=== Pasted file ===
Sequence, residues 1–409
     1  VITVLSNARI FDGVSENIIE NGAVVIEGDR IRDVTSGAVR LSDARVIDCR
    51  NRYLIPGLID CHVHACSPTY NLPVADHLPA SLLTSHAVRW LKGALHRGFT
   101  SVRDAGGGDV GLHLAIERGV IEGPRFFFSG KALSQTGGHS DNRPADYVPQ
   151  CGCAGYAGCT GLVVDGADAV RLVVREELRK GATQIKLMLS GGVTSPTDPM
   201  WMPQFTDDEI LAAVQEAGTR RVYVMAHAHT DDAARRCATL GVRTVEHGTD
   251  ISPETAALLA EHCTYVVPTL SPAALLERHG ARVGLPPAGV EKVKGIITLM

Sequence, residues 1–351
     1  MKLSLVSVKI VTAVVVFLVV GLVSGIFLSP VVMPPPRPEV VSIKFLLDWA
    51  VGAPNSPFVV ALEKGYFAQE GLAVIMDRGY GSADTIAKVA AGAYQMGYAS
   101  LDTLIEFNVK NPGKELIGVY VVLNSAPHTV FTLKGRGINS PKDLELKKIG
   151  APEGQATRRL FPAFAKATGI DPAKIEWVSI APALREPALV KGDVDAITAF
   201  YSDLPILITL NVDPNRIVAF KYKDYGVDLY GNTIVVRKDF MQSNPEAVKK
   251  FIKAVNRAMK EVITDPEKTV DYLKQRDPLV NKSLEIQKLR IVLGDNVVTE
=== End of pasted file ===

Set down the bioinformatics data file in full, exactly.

Sequence, residues 1–409
     1  VITVLSNARI FDGVSENIIE NGAVVIEGDR IRDVTSGAVR LSDARVIDCR
    51  NRYLIPGLID CHVHACSPTY NLPVADHLPA SLLTSHAVRW LKGALHRGFT
   101  SVRDAGGGDV GLHLAIERGV IEGPRFFFSG KALSQTGGHS DNRPADYVPQ
   151  CGCAGYAGCT GLVVDGADAV RLVVREELRK GATQIKLMLS GGVTSPTDPM
   201  WMPQFTDDEI LAAVQEAGTR RVYVMAHAHT DDAARRCATL GVRTVEHGTD
   251  ISPETAALLA EHCTYVVPTL SPAALLERHG ARVGLPPAGV EKVKGIITLM

Sequence, residues 1–351
     1  MKLSLVSVKI VTAVVVFLVV GLVSGIFLSP VVMPPPRPEV VSIKFLLDWA
    51  VGAPNSPFVV ALEKGYFAQE GLAVIMDRGY GSADTIAKVA AGAYQMGYAS
   101  LDTLIEFNVK NPGKELIGVY VVLNSAPHTV FTLKGRGINS PKDLELKKIG
   151  APEGQATRRL FPAFAKATGI DPAKIEWVSI APALREPALV KGDVDAITAF
   201  YSDLPILITL NVDPNRIVAF KYKDYGVDLY GNTIVVRKDF MQSNPEAVKK
   251  FIKAVNRAMK EVITDPEKTV DYLKQRDPLV NKSLEIQKLR IVLGDNVVTE